Catherine Hedrick, Ph.D.
Vascular and Cancer Immunology
Lynn Hedrick’s research is focused on two types of immune cells: neutrophils and monocytes. These cells are the first responders to all kinds of infections, wounds — even early cancer. They can clean up dead cells, attack viruses and tumors and alert the rest of the immune system to activate every defense in the body as needed.
Throughout her career, Hedrick has focused on understanding the role these two types of immune cells play in disease. This work led to her becoming a leading expert in the immunology associated with the two leading causes of death in the U.S.: heart disease and cancer.
Hedrick was the first to identify all the different types of monocytes that exist and categorize them according to the role they play. Monocytes are a type of white blood cell made in the bone marrow and then released into the blood to patrol and respond to invaders, like viruses and bacteria; they also to help repair and heal the body. Hedrick’s team continues to explore exactly how these monocytes work and how we can use this knowledge to prevent and treat diseases.
Hedrick also made a seminal discovery regarding neutrophils: She was the first to figure out how to identify their parent cells, called progenitors, by studying the bone marrow of mice and humans. This knowledge about the origins of neutrophils – where they came from, how they were made – can contribute to efforts to control their production. If progenitor cells could be made to produce more or fewer neutrophils as needed, that would have a major impact on bolstering immune defense.
A growing area of Hedrick’s research involves the role of monocytes and neutrophils in cancer. These immune cells can help prevent and treat cancer, and in fact, Hedrick discovered that monocytes can recognize tumor cells and kill them. But these two immune cells can impede treatments and worsen disease. Cancer can trick them and keep them from working efficiently, so Hedrick is exploring mechanisms that can prevent this from happening.
Monocytes and neutrophils can also interfere with the immunotherapies patients receive. Immunotherapies introduce other types of immune cells in the body. However, the monocytes and neutrophils Hedrick studies sometimes identify the therapies as foreign or dangerous cells and attack them before they have a chance to benefit a patient. By understanding which specific types of monocytes or neutrophils interfere with the therapies, it may be possible to dampen the production of those immune cells until the therapies have done their job.
Alongside her work on cancer immunology, Hedrick continues to study the role monocytes and neutrophils play in heart disease. She was drawn to study heart disease early in her career, as it is a key complication of diabetes. As a young child, Hedrick’s desire to understand diabetes, especially Type 1, led her to want to become a scientist someday. Her mother had Type 1 diabetes.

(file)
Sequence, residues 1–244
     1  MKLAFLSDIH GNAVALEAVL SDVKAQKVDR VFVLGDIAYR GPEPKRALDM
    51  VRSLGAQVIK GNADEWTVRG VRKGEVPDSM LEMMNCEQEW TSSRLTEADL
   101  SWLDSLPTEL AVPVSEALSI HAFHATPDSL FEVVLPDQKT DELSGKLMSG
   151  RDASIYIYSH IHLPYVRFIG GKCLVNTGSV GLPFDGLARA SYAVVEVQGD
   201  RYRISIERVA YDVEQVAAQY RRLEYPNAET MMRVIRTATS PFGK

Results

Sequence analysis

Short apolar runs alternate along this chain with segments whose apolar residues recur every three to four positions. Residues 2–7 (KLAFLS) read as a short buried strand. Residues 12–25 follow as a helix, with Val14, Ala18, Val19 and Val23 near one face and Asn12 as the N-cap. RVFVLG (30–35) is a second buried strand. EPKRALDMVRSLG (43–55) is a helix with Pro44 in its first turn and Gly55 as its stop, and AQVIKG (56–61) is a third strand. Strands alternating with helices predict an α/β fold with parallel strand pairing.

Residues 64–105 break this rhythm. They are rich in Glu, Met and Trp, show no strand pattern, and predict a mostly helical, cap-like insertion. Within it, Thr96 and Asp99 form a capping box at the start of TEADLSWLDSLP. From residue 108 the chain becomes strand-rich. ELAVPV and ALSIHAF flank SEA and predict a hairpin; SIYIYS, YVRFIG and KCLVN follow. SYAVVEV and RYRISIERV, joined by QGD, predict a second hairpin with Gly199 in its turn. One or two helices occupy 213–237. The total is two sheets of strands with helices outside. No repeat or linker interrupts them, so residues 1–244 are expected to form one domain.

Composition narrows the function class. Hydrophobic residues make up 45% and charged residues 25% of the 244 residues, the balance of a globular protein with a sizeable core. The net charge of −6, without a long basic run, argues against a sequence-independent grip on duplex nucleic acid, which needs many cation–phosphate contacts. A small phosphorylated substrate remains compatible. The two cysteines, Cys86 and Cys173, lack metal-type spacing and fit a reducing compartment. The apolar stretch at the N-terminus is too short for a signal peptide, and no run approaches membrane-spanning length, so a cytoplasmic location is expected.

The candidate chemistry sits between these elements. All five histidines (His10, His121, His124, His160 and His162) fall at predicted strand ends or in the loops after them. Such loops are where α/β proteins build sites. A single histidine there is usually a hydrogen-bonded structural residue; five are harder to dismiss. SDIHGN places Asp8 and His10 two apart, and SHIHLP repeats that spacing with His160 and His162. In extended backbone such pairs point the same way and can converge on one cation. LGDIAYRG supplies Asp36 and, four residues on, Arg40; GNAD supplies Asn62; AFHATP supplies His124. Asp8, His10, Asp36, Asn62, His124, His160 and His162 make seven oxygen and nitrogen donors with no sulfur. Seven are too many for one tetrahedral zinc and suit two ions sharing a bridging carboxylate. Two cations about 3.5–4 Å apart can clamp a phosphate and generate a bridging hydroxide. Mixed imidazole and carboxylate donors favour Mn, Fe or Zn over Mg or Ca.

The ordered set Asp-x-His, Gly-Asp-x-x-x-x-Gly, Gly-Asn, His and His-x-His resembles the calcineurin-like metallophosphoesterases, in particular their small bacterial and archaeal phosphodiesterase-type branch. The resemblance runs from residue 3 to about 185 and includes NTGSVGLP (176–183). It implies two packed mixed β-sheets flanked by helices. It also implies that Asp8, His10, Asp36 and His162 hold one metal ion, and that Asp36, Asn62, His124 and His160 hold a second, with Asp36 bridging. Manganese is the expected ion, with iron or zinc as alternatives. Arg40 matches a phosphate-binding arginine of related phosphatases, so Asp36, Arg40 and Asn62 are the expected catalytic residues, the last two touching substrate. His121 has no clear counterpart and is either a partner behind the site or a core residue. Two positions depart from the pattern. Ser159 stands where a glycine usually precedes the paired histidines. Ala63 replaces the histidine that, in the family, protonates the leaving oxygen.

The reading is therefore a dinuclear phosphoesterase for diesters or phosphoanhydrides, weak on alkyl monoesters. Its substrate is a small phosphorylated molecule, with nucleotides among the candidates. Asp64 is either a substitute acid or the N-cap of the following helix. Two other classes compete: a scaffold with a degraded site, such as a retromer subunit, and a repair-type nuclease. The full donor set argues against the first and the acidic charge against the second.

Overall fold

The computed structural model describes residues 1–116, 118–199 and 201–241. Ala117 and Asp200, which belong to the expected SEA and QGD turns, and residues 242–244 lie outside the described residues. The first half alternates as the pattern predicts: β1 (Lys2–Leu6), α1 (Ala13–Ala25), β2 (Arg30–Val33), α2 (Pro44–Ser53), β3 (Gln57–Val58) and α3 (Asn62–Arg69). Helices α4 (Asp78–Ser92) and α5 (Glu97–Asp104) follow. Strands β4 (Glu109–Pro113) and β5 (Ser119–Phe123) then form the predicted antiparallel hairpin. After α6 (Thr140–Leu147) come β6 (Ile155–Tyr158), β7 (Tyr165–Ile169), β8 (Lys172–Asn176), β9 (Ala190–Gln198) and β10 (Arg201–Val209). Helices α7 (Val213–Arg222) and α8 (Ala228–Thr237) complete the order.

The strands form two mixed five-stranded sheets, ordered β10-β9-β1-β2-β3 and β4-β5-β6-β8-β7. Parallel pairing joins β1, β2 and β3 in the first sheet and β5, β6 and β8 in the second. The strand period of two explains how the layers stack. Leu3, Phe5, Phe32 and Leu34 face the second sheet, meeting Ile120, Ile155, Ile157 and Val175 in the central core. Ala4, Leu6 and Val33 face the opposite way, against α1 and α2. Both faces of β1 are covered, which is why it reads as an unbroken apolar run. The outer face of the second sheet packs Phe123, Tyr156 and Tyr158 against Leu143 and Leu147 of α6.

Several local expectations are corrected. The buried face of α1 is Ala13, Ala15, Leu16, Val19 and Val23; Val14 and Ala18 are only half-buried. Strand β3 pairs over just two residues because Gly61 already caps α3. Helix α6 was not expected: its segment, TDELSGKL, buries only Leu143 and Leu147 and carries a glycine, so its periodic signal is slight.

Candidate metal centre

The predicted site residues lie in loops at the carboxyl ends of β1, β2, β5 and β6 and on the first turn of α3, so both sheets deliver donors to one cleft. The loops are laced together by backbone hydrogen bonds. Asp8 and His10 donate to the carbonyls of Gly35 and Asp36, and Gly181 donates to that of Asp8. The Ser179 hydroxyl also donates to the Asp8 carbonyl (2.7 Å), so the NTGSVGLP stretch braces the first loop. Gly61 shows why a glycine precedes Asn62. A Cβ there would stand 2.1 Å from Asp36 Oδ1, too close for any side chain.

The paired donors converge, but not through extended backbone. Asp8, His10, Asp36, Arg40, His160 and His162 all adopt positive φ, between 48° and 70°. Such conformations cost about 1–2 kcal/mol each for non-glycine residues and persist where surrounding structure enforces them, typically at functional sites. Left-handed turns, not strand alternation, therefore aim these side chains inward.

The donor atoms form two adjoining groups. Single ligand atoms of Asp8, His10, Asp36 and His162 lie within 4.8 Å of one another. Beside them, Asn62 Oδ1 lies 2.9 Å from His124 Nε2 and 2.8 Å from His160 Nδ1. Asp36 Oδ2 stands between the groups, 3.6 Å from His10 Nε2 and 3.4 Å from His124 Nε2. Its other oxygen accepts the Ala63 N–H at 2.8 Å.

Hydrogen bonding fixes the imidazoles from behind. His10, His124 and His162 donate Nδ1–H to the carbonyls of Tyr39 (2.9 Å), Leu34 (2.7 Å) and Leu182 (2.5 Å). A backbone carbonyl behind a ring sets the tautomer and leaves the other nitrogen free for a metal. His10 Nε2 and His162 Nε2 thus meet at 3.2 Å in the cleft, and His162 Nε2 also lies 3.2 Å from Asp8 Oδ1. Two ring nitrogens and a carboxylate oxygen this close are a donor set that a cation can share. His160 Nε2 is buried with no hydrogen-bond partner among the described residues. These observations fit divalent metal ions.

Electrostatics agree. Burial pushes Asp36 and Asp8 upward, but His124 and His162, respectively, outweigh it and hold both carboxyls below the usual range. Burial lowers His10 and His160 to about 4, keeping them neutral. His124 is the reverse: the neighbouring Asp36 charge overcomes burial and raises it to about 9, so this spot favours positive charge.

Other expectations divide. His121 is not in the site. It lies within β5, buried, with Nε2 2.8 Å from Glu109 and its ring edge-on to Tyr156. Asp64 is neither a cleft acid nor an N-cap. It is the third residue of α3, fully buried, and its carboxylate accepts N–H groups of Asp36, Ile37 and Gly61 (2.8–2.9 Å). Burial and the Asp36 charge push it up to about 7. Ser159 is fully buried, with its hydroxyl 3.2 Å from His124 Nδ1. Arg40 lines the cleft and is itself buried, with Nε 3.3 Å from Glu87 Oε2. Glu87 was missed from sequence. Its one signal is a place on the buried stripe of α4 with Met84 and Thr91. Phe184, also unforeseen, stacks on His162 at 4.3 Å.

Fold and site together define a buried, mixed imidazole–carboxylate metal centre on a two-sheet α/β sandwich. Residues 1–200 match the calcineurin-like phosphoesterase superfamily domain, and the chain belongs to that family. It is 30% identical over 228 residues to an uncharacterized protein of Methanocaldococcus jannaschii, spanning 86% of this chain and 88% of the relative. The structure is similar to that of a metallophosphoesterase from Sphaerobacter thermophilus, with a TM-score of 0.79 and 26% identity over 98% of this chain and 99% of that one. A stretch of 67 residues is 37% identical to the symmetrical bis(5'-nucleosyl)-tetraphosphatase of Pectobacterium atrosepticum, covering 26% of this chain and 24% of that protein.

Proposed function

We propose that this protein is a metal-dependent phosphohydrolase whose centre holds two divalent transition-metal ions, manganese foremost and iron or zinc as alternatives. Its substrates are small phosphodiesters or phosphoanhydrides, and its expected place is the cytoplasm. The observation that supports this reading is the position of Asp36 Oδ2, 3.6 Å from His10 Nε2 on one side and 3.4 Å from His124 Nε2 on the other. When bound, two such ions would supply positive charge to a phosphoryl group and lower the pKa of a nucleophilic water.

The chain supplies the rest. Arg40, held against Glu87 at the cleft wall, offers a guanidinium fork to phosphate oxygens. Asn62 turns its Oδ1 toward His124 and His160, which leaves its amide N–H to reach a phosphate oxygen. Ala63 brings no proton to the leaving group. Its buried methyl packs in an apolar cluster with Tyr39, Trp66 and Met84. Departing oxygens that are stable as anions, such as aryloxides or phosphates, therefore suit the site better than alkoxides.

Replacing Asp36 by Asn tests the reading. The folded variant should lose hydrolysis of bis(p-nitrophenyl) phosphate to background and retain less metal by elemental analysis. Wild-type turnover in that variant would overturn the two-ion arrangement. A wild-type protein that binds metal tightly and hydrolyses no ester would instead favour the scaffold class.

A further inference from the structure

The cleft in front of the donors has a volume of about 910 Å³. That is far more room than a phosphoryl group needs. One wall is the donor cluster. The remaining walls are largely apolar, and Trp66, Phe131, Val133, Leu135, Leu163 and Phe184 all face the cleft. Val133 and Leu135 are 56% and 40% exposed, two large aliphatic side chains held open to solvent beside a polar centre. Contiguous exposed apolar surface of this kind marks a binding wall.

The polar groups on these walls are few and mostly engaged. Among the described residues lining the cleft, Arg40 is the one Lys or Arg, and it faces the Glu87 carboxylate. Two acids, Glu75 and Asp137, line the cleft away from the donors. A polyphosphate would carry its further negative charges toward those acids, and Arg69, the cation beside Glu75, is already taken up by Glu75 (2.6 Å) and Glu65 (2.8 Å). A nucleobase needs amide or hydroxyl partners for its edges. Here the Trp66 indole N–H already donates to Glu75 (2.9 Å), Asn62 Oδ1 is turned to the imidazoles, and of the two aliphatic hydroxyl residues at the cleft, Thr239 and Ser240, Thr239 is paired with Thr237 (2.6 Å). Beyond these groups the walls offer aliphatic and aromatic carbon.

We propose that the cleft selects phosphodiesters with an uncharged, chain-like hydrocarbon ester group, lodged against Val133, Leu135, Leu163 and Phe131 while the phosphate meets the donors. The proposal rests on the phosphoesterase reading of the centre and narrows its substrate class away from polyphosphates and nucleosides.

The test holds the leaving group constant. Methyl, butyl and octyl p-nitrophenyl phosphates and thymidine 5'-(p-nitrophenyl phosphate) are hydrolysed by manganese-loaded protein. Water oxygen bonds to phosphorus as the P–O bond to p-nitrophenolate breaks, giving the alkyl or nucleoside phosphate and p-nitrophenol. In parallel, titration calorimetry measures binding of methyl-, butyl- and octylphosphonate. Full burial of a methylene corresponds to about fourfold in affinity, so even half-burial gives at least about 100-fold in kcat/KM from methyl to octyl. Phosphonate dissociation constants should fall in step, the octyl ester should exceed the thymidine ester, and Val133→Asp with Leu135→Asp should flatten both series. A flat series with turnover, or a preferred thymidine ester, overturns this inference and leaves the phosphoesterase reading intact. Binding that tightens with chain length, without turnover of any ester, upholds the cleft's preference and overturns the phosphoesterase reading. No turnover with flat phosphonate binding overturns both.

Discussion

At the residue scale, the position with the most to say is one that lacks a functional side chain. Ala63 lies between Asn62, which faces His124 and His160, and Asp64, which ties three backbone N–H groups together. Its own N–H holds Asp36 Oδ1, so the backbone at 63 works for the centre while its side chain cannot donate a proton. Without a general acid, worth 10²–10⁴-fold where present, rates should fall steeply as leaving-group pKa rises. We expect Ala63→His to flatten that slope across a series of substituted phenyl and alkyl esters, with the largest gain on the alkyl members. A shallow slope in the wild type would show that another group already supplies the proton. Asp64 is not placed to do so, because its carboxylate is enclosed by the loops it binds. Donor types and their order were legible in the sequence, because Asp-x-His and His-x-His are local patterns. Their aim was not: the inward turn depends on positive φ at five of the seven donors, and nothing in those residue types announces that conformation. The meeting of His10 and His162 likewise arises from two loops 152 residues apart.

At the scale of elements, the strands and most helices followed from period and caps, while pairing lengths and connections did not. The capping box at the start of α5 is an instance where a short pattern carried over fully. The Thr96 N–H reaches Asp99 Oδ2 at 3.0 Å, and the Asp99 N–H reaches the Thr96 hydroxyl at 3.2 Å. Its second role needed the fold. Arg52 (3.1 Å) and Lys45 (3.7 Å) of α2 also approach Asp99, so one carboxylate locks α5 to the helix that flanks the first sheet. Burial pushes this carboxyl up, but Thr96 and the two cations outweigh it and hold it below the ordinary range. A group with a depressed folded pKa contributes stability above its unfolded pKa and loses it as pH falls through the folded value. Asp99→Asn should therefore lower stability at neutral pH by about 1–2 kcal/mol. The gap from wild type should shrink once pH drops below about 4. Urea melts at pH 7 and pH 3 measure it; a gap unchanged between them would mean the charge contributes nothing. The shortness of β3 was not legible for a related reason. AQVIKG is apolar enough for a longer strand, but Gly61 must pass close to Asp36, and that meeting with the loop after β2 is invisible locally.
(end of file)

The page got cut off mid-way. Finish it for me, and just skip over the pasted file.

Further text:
When Hedrick started her own lab, she focused on how complications from diabetes can lead to cardiovascular (CV) disease. This correlation had been known for Type 2 diabetes, but Hedrick and her team showed that Type 1 diabetes can also bring on CV disease.
During her career, Hedrick has also studied the cells that line the blood vessels, endothelial cells. As her research into heart disease evolved, she showed that certain types of immune cells that swim through the blood vessels could adhere to these endothelial cells and play a role in heart disease. This work demonstrated that immunology held some of the answers to preventing and curing heart disease. While the relationship between immunology and heart disease is now widely accepted, the exact mechanisms by which these two immune cells cause damage — and the ability to harness that knowledge to prevent the disease — still need investigation, which Hedrick is conducting.
At Augusta University, Hedrick co-directs the Immunology Center of Georgia while continuing her research in vascular and cancer immunology. The new immunology center brings together leading immunologists from around the world to focus on understanding the role immunology plays in cancer, heart disease, COVID-19 and other diseases — and how to use this knowledge of immune cells to treat and prevent these diseases. Hedrick also heads the Cancer Immunology, Inflammation and Tolerance (CIIT) Division inside the Georgia Cancer Center.
- Find new therapies that will selectively target or enhance specific monocyte subsets to treat or prevent disease.
- Identify molecules on myeloid cells (monocytes and neutrophils) that could be used as biomarkers to predict therapeutic benefit to patients.
- Provide further understanding of innate myeloid cells in homeostasis and disease.
“I have known several scientists at Augusta University for years and I was familiar with the research there. There is a great opportunity to build a hub of immunology there that will link all the departments: neuroscience, vascular biology, and the existing really strong cancer center there. That opportunity was unusual and unique. There's a lot of enthusiasm there on the ground, the possibility to bring in new people through hiring and to build something for the next generation of immunologists that integrates all the areas of research.”